government will finance the 1995 budget deficit (73.1 trillion rubles)
from "non-inflation" sources, Finance Minister Vladimir Panskov told the
Financial Information Agency on 12 May. Panskov said government
securities will remain the primary source of financing the budget
deficit; however, the Finance Ministry still has to artificially
restrict the placement of short-term government bonds in the financial
market because it is not profitable to attract money from commercial
structures for three to six months. Panskov said that when inflation
falls to 2-3% in the third and fourth quarter, long-term bonds will be
issued on a mass scale. -- Thomas Sigel, OMRI, Inc.


Inter-Parliamentary Assembly recommended on 13 May that member countries
adopt legislation protecting the rights of citizens and prisoners of war
in armed conflicts, Interfax reported the next day. Azerbaijan made the
proposal that would apply "if a country becomes a party to an inter-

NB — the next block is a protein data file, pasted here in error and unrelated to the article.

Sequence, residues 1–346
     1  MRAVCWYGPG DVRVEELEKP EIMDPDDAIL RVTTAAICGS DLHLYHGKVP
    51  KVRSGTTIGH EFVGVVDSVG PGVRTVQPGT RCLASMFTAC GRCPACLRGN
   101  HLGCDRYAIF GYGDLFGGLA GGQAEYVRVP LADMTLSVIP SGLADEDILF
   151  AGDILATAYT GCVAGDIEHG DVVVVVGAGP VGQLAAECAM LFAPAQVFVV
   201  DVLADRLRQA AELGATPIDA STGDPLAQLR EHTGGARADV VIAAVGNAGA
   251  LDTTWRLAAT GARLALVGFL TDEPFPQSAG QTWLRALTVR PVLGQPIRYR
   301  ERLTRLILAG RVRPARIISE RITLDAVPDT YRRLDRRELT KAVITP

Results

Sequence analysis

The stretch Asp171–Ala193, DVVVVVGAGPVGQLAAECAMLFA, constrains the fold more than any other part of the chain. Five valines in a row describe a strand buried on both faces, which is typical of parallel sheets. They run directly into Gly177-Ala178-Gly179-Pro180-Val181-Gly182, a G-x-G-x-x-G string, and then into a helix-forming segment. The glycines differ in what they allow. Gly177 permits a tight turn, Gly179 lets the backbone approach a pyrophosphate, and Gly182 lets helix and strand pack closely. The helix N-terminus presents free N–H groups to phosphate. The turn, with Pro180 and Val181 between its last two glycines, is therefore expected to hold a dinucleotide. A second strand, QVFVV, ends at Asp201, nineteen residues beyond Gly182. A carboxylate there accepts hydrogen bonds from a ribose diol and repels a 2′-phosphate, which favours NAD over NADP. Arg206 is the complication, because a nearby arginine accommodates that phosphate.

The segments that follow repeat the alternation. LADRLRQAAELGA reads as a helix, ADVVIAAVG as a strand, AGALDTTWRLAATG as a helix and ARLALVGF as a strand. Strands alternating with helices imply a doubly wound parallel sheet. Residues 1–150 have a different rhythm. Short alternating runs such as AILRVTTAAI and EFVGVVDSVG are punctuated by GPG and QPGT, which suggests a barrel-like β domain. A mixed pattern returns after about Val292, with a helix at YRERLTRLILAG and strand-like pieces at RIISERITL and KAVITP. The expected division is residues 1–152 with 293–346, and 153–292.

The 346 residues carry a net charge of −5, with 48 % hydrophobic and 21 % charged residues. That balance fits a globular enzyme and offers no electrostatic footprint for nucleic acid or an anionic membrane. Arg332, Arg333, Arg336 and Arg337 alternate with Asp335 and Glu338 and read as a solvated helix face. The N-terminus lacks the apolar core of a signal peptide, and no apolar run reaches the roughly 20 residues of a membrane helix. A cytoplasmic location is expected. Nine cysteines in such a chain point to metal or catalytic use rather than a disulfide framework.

state conflict (war) or if a domestic conflict emerges on the country's
territory between two or more parties, even if one of these parties does
not recognize the existence of such a conflict." The proposal includes
prohibitions against the deportation, hostage-taking, and violence
against the lives and well-being of citizens. The rights of prisoners of
war will be protected in accordance with international law. Countries
involved in conflicts will be required to appoint a "state-protector" to
insure the impartial application of the proposal. If such an official is
not appointed within two weeks, the Red Cross International Committee
will assume the function. Russian Federation Council Vladimir Shumeiko,
who also chairs the CIS Inter-Parliamentary Assembly Council, said the
proposal would apply to all current conflicts in the CIS, including the
one in Chechnya. -- Michael Mihalka, OMRI, Inc.

[As of 1200 CET]

Compiled by Victor Gomez

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Updated: 1998-11-